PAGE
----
Tropical Death – Modern Maze (Review)

Tropical Death
Modern Maze
Review by Marc Bowie


Like all rock, unless it’s a retro act, Tokyo-based quartet Tropical Death’s five-song 2017 EP, Modern Maze, reaches backward while at the same time extending a hand to the future, as it’s rooted in the fertile soil of many punk and post-punk offerings yet pushes up wild blooms of strum [sic] and drang. As the Escher-like cover art hints, the music on tap twists and turns between almost atonal blasts of noise and distorted yet melodic passages powered by ferocious drumming.


The metallic K.O. guitars on the title track are bracingly brittle while singer Eugene Roussin’s deadpan vocals on the verses would bring a smile to the likes of Lou Reed … or at least less of a sneer. On Tropical Secrets he spits out the lyrics in counterpoint to the twin guitar attack and tub-thumping bass. Like Louie Louie pre-Iggy, you’re not sure if the lyrics to So Wet are filthy or not, but guitarist Tete’s smeary wah-wah playing hints at erotic aquatic doings best done in private. Summer of Sin commingles the most recent U.S. election with getting your braces off, which is either very disturbing or perfectly captures the zeitgeist of today’s America; perhaps both.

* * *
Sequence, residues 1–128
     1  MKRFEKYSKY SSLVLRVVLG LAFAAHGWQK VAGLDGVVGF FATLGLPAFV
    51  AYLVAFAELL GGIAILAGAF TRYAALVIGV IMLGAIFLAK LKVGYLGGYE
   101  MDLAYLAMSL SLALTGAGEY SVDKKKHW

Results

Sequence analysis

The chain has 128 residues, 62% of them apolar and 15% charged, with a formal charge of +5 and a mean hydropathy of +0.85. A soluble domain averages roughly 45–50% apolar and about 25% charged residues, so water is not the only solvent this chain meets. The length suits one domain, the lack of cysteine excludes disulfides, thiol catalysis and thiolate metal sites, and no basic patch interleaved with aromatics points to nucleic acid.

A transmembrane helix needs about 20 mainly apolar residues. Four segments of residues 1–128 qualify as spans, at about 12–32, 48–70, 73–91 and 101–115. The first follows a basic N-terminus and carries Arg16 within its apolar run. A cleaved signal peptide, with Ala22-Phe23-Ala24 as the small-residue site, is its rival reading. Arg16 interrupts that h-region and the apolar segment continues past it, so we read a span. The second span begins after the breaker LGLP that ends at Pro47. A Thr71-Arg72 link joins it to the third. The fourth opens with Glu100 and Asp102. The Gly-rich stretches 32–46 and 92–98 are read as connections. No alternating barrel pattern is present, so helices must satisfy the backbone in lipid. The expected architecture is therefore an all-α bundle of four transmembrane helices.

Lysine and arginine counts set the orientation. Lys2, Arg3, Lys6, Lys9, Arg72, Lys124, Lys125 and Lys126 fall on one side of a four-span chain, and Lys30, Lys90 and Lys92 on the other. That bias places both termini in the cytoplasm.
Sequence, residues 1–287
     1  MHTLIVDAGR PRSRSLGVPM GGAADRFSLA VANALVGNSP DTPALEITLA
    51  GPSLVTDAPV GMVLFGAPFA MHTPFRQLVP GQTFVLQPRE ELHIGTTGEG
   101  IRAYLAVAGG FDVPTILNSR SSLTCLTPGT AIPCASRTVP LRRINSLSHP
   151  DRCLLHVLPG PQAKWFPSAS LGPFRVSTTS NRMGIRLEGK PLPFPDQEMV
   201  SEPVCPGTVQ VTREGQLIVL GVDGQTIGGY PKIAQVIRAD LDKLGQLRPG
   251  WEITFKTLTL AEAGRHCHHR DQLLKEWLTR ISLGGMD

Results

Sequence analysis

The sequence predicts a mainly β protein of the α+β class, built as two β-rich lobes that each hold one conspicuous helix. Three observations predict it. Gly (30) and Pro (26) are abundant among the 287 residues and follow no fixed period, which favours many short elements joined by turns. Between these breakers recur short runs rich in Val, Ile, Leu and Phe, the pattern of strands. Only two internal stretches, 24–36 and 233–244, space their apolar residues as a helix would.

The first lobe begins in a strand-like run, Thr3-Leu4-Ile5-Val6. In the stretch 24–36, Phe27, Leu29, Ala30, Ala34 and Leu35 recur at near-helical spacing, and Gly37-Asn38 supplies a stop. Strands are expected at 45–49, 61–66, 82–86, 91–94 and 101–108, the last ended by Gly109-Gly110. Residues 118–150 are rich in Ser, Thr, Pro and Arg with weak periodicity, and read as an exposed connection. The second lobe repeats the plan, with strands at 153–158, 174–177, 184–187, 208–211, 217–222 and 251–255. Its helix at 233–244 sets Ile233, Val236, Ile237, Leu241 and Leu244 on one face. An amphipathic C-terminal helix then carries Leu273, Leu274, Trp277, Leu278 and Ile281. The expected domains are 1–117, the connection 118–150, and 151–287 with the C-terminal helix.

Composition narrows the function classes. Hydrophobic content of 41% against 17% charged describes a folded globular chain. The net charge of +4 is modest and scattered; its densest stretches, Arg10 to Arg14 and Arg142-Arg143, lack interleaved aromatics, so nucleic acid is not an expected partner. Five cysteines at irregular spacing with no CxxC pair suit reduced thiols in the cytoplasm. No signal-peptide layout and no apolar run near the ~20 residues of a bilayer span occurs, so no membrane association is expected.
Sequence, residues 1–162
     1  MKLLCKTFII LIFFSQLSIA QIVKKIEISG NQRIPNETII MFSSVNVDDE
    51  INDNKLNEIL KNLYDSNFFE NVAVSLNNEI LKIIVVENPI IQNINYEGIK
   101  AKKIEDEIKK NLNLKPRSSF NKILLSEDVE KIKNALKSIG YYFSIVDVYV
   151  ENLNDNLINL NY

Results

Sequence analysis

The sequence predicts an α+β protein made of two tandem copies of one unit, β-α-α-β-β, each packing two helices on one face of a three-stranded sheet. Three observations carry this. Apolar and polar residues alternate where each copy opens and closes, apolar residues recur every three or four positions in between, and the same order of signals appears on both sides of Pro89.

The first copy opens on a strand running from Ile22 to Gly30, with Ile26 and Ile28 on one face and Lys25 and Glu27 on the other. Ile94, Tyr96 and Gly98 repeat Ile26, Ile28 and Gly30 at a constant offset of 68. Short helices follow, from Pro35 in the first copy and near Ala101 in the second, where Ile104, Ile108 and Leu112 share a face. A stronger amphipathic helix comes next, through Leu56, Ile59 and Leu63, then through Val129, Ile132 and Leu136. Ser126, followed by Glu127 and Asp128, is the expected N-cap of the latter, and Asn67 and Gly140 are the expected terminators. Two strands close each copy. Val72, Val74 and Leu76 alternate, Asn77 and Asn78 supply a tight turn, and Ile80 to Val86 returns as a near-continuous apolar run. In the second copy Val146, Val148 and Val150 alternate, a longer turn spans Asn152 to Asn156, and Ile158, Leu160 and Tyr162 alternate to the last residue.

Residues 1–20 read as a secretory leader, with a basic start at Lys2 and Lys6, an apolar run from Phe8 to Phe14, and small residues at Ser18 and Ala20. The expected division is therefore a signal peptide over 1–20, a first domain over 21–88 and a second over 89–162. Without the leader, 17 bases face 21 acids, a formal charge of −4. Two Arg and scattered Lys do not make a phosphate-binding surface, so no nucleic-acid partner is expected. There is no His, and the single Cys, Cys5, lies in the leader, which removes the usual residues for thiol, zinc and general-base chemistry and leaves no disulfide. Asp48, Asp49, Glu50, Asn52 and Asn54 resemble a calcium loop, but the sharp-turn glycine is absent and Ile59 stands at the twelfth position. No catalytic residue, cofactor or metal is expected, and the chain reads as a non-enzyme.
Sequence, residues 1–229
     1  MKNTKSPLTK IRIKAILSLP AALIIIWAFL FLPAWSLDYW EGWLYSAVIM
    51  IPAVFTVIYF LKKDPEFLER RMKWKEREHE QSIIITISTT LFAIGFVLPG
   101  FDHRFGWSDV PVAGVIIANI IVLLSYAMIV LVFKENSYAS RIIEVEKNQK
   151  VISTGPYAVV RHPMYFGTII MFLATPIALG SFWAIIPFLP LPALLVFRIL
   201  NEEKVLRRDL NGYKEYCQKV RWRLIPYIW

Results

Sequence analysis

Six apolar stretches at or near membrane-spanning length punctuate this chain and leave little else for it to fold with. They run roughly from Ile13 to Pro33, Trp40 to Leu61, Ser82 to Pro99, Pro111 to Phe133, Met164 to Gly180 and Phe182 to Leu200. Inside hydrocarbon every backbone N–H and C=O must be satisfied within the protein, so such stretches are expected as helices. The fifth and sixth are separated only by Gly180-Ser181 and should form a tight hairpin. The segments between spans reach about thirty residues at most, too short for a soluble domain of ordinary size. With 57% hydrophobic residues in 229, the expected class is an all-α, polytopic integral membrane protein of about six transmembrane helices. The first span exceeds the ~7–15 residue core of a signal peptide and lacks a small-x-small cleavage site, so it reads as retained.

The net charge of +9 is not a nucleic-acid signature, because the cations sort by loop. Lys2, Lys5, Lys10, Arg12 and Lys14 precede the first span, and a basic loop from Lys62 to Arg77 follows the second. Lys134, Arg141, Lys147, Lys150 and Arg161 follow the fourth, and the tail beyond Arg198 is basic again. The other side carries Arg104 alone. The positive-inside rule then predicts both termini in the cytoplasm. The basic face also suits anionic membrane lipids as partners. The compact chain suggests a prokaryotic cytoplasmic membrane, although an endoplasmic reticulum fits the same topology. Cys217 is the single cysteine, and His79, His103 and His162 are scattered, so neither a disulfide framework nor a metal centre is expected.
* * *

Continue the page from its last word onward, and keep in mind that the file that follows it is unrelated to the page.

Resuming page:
The EP is available as a download or cassette, and the focus on the latter recalls the glory days of New York indie label ROIR, which issued Suicide and Bad Brains albums exclusively on tape. If you like your rock loud, thrilling, and thought-provoking you’ll like Modern Maze. Best taken with water.

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